Although the addresses they had sent in beforehand were couched in mild and loyal terms, Nicholas was angry and ignored advice from an Imperial Family Council by saying to them:
"... it has come to my knowledge that during the last months there have been heard in some assemblies of the zemstvos the voices of those who have indulged in a senseless dream that the zemstvos be called upon to participate in the government of the country. I want everyone to know that I will devote all my strength to maintain, for the good of the whole nation, the principle of absolute autocracy, as firmly and as strongly as did my late lamented father."According to the way Judaism views the monarchy and its relationship with the land and the people, the Tzar was merely defending his rights to manage his property without his slaves' advice or participation. We all know how it ended.
Whether or not deposing the Tzar was against Halacha (murdering him and his family seemingly was, although I feel no sympathy to the person who has personally ordered numerous pogroms against Jews of his country), whether or not rebelling against George III, signing of Magna Carta, deposing James II and severely limiting the powers of William III after the Glorious Revolution (and further reduction of the power of the Crown), recent secession of Canada from the Commonwealth, and other acts cancelling monarchy's power were against Halacha, the fact is that in all modern Western societies, the government does not have absolute power. It does not own the land, and the people are not the government's slaves. The Queen of England is a symbol; the "might of her arm" extends perhaps as far as her corgis, but not much farther.
After millenia of being conquered by the kings, the people finally conquered their masters and thus became sovereigns themselves, making kinyan each on his own property. In the American Constitution and framework of society, the people's sovereignty is very clear and explicit. In most other countries of the West (not in Russia, however), it is at least implicit.
Therefore, I think that whenever people quote opinions of Rambam and other poskim verbatim, without trying to figure out to what extent they apply, they are assuming that we still live in the Middle Ages. I think we need to come to terms with the fact that "nature changed" not only in medicine, but in the society as well, and re-examine which halachos apply and how.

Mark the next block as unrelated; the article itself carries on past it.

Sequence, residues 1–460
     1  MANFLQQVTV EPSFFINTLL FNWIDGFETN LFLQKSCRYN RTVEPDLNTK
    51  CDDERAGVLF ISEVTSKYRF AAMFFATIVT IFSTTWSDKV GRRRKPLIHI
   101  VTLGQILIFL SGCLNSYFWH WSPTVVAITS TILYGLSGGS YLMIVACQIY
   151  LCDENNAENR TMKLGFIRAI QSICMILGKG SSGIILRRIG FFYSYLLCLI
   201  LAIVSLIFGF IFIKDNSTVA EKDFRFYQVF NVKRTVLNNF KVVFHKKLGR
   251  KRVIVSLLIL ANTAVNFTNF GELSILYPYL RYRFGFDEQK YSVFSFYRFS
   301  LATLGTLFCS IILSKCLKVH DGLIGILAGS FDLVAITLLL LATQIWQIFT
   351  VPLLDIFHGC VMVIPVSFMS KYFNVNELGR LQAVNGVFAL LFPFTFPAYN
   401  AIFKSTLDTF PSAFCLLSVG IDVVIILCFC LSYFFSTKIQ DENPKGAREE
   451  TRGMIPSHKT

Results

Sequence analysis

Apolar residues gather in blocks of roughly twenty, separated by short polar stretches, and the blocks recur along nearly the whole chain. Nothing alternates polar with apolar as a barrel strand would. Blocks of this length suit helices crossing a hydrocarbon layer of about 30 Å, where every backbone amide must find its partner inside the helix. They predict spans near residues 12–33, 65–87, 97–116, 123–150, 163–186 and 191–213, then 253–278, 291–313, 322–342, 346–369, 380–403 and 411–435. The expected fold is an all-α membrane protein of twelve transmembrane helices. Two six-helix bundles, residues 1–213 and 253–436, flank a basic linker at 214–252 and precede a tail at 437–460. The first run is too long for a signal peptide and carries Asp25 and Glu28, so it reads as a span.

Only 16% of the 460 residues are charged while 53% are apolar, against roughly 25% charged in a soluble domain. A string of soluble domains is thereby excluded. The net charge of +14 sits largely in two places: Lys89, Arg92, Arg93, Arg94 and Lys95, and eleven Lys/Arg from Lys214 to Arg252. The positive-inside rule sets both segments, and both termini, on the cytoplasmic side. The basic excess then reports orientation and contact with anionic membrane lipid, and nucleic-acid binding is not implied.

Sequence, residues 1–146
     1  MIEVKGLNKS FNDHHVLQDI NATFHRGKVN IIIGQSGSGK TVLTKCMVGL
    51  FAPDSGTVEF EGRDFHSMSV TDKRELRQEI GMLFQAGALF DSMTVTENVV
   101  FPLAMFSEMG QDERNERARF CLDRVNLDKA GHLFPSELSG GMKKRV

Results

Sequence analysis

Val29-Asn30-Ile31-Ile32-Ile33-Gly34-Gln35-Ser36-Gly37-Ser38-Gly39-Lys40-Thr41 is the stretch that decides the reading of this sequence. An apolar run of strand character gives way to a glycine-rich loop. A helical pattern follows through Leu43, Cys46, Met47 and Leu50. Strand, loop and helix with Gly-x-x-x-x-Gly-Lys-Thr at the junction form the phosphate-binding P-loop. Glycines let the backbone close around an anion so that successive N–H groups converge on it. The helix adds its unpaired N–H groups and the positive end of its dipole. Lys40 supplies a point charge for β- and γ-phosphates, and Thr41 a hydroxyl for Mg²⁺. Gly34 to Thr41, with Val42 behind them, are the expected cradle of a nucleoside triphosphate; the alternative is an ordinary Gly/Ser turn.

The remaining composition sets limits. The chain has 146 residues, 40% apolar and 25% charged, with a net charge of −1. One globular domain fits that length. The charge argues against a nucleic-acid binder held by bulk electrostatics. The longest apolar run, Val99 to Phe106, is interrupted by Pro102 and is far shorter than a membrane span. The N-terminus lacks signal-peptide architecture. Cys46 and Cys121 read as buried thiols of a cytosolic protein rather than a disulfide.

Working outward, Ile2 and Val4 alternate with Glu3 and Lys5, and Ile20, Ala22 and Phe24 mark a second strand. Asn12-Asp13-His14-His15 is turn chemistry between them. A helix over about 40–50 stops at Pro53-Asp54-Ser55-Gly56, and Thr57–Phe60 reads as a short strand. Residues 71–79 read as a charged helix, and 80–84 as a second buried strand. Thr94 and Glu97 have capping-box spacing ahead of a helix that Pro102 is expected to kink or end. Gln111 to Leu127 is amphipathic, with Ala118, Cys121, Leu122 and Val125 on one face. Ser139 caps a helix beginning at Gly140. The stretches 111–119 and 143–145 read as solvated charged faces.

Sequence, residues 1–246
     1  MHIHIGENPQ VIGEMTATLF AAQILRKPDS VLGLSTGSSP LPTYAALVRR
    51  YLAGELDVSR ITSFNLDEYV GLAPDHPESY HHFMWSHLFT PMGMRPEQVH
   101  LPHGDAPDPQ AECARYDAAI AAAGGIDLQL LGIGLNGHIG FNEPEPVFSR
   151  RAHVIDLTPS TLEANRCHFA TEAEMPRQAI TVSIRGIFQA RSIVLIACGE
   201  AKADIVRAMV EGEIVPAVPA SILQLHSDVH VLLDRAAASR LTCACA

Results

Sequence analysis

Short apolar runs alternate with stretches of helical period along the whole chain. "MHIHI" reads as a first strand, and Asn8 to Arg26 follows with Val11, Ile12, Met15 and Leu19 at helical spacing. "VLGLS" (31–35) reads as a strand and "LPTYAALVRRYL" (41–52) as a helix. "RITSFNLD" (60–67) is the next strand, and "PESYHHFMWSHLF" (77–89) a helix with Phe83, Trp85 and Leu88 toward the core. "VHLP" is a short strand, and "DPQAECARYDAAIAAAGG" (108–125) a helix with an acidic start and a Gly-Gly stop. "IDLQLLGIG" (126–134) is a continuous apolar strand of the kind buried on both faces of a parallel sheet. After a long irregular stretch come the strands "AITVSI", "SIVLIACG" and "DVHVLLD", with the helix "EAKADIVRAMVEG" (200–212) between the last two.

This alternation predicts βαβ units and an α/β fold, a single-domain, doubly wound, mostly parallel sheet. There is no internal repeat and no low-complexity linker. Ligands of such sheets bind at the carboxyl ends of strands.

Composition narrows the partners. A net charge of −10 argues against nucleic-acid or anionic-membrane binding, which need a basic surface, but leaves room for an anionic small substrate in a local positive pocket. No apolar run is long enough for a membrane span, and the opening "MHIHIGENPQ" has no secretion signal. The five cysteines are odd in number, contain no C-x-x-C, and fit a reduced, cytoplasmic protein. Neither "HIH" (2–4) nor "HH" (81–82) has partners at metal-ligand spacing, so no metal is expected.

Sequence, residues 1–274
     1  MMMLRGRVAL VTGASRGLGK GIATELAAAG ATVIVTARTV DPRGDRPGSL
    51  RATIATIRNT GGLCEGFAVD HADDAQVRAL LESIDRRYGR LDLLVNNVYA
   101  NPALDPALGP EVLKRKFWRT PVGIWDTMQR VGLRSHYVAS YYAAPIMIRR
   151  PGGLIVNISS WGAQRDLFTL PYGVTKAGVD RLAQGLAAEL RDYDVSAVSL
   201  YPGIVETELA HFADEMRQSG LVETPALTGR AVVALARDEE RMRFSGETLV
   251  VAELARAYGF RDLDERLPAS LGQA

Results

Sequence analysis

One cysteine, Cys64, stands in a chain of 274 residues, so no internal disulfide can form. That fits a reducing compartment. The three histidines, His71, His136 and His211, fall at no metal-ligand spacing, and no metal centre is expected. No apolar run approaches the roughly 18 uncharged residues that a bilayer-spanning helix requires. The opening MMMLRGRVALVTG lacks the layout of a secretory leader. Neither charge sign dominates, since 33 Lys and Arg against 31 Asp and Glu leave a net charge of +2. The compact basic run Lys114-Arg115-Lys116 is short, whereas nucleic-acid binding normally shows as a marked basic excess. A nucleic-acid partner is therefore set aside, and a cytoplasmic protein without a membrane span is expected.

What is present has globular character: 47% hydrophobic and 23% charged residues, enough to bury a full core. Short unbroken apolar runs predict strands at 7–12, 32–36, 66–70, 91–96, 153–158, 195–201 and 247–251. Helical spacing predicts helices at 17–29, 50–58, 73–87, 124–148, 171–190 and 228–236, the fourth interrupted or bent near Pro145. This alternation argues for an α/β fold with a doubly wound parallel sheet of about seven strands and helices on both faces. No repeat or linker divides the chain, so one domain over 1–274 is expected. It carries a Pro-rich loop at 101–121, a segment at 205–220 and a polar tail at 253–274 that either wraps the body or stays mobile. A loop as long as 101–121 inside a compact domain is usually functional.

Despite the lamentable fact that Rabbi Menashe Klein was clearly disdainful of the common law, as evidenced from the quote above, his halachic analysis seems to agree with my argument above. Also, while he unfortunately doesn't understand fully how the trial by peers works, he is right about one thing: the government is not the sovereign! Its law is not final. Supreme Court can nullify the laws; the juries consisting of "market drunks" can nullify the laws; the states can nullify the laws, and even local towns can nullify laws.
But we don't even need to go that far. In the British Empire, dina demalchusa has ended in 1689 with signing of the Bill of Rights (just read the provisions to see that the "drunk from the market" presiding in the jury is nothing comparing to the new limitations set on the British monarch).
This is not just a game of words: the Queen literally has no political power. She sits on her throne only at the grace of the Parliament which is controlled by the taxpayers. So, even though it's called "monarchy" and the Queen is called a sovereign, it's really not that different from USA, where "the government sometimes creates law, and the Supreme Court contradicts it". In UK, the Queen may not create any laws at all.
In other words, dina demalchusa is dead in the Western world.